*Attached video: GOP presidential candidates face off
(The Hill) — Republican presidential candidate Vivek Ramaswamy’s campaign clapped back at conservative commentator Ann Coulter after she described Ramaswamy’s back-and-forth with fellow GOP hopeful Nikki Haley at Wednesday’s debate as “Hindu business.”
“Ann can tweet whatever she wants to,” Tricia McLaughlin, Ramaswamy’s communications director, said in a statement to The Hill. “Vivek has traveled this country and is very grateful for the warm support he has received from Christian voters across the country.”
She added, “Vivek shares and lives by the same Judeo-Christian values that this nation was founded on — and that the way Vivek lives his family life offers a positive example for their own children and grandchildren.”
Coulter’s post on X, the platform formerly known as Twitter, came amid a fiery exchange between Ramaswamy and Haley at the first Republican presidential primary debate on Wednesday.
After Ramaswamy, a Cincinnati native, said he did not support providing additional U.S. aid to Ukraine amid its war with Russia, Haley slammed the political newcomer’s lack of foreign policy experience.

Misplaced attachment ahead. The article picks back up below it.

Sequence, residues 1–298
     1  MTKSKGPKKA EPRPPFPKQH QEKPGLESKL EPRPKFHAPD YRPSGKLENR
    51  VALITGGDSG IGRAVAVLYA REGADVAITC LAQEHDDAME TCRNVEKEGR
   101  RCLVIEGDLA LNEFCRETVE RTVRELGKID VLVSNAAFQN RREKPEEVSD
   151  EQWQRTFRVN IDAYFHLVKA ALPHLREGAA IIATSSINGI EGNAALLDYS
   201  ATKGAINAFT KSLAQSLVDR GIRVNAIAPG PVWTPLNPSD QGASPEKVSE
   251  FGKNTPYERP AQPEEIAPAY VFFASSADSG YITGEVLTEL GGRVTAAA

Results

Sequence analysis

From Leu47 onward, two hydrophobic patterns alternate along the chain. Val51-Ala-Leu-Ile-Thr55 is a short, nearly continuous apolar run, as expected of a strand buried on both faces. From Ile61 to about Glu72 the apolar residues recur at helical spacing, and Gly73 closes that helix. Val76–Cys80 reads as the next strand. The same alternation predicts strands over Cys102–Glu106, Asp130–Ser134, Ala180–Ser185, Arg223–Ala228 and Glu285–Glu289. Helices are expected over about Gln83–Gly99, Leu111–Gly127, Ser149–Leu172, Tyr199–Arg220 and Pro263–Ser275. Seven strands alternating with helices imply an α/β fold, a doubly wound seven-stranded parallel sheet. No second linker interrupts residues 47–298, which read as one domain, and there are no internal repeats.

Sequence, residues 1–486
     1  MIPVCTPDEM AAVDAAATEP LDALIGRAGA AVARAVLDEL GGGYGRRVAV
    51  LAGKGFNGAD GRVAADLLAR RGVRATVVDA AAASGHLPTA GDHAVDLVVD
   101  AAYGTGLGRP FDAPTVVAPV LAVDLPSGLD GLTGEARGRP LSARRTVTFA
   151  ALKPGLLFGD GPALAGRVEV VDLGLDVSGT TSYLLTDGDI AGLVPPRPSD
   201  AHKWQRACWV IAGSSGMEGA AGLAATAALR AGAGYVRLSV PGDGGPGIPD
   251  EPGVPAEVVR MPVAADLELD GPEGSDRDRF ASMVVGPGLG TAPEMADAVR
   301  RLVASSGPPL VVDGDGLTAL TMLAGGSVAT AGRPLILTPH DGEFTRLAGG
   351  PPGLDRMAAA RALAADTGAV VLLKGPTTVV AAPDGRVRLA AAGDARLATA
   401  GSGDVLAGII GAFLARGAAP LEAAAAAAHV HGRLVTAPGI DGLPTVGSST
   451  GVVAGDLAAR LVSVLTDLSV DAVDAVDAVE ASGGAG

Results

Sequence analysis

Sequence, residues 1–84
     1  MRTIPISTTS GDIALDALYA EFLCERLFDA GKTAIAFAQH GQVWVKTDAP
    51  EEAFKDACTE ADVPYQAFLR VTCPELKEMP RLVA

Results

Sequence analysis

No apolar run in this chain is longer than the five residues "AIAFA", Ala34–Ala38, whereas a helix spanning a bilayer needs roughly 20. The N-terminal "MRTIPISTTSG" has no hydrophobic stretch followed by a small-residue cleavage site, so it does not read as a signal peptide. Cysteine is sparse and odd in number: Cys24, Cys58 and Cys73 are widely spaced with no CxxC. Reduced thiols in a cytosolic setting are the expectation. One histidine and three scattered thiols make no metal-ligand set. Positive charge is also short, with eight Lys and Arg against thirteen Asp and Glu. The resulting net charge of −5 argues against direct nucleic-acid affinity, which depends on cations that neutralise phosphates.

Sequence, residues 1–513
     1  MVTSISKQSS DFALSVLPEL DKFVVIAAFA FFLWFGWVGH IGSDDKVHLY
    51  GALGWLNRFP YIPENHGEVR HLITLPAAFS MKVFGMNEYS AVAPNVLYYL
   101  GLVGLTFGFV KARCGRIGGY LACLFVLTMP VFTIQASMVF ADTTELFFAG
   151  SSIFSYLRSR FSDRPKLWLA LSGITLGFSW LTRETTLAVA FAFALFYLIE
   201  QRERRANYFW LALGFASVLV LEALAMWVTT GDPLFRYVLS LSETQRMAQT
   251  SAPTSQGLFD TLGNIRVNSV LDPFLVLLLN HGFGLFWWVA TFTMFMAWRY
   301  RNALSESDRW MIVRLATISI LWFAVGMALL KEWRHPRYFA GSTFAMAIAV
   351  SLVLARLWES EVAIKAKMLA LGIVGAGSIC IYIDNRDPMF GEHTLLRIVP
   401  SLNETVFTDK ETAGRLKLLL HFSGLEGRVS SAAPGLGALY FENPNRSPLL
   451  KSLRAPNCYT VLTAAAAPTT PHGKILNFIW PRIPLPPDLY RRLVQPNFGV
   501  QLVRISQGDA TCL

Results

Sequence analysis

“He wants to hand Ukraine to Russia, he wants to let China eat Taiwan, he wants to go and stop funding Israel,” Haley said. “You don’t do that to friends. What you do instead is you have the backs of your friends.”
“Under your watch, you will make America less safe,” she added. “You have no foreign policy experience, and it shows.”
Coulter, who was posting on X throughout the debate, said in a post during the exchange, “Nikki and Vivek are involved in some Hindu business, it seems. Not our fight.”
While Ramaswamy is Hindu, Haley is not. The former South Carolina governor was raised Sikh and converted to Christianity.
Coulter previously came under fire in February for making derogatory remarks about Haley’s Indian heritage.
Shortly after Haley announced her candidacy, the conservative commentator suggested that she “go back to [her] own country.” The Republican hopeful was born in the U.S. to Indian immigrant parents.